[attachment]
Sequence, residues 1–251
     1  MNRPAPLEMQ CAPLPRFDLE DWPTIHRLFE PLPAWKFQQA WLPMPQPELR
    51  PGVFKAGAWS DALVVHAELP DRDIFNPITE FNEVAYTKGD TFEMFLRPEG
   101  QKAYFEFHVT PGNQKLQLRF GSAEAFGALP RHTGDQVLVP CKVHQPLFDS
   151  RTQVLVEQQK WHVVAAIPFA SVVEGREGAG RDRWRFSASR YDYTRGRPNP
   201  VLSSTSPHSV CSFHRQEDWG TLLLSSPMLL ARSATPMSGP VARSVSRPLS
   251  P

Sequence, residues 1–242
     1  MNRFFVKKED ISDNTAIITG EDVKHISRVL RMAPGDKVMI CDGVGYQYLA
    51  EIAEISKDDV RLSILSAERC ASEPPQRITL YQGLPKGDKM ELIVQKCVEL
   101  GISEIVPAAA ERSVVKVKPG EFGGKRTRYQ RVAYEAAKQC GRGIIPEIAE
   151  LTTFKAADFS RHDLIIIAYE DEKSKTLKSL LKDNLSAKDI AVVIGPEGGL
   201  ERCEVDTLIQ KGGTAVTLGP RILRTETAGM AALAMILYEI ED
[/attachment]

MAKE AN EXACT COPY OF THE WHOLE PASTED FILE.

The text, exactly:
Sequence, residues 1–251
     1  MNRPAPLEMQ CAPLPRFDLE DWPTIHRLFE PLPAWKFQQA WLPMPQPELR
    51  PGVFKAGAWS DALVVHAELP DRDIFNPITE FNEVAYTKGD TFEMFLRPEG
   101  QKAYFEFHVT PGNQKLQLRF GSAEAFGALP RHTGDQVLVP CKVHQPLFDS
   151  RTQVLVEQQK WHVVAAIPFA SVVEGREGAG RDRWRFSASR YDYTRGRPNP
   201  VLSSTSPHSV CSFHRQEDWG TLLLSSPMLL ARSATPMSGP VARSVSRPLS
   251  P

Sequence, residues 1–242
     1  MNRFFVKKED ISDNTAIITG EDVKHISRVL RMAPGDKVMI CDGVGYQYLA
    51  EIAEISKDDV RLSILSAERC ASEPPQRITL YQGLPKGDKM ELIVQKCVEL
   101  GISEIVPAAA ERSVVKVKPG EFGGKRTRYQ RVAYEAAKQC GRGIIPEIAE
   151  LTTFKAADFS RHDLIIIAYE DEKSKTLKSL LKDNLSAKDI AVVIGPEGGL
   201  ERCEVDTLIQ KGGTAVTLGP RILRTETAGM AALAMILYEI ED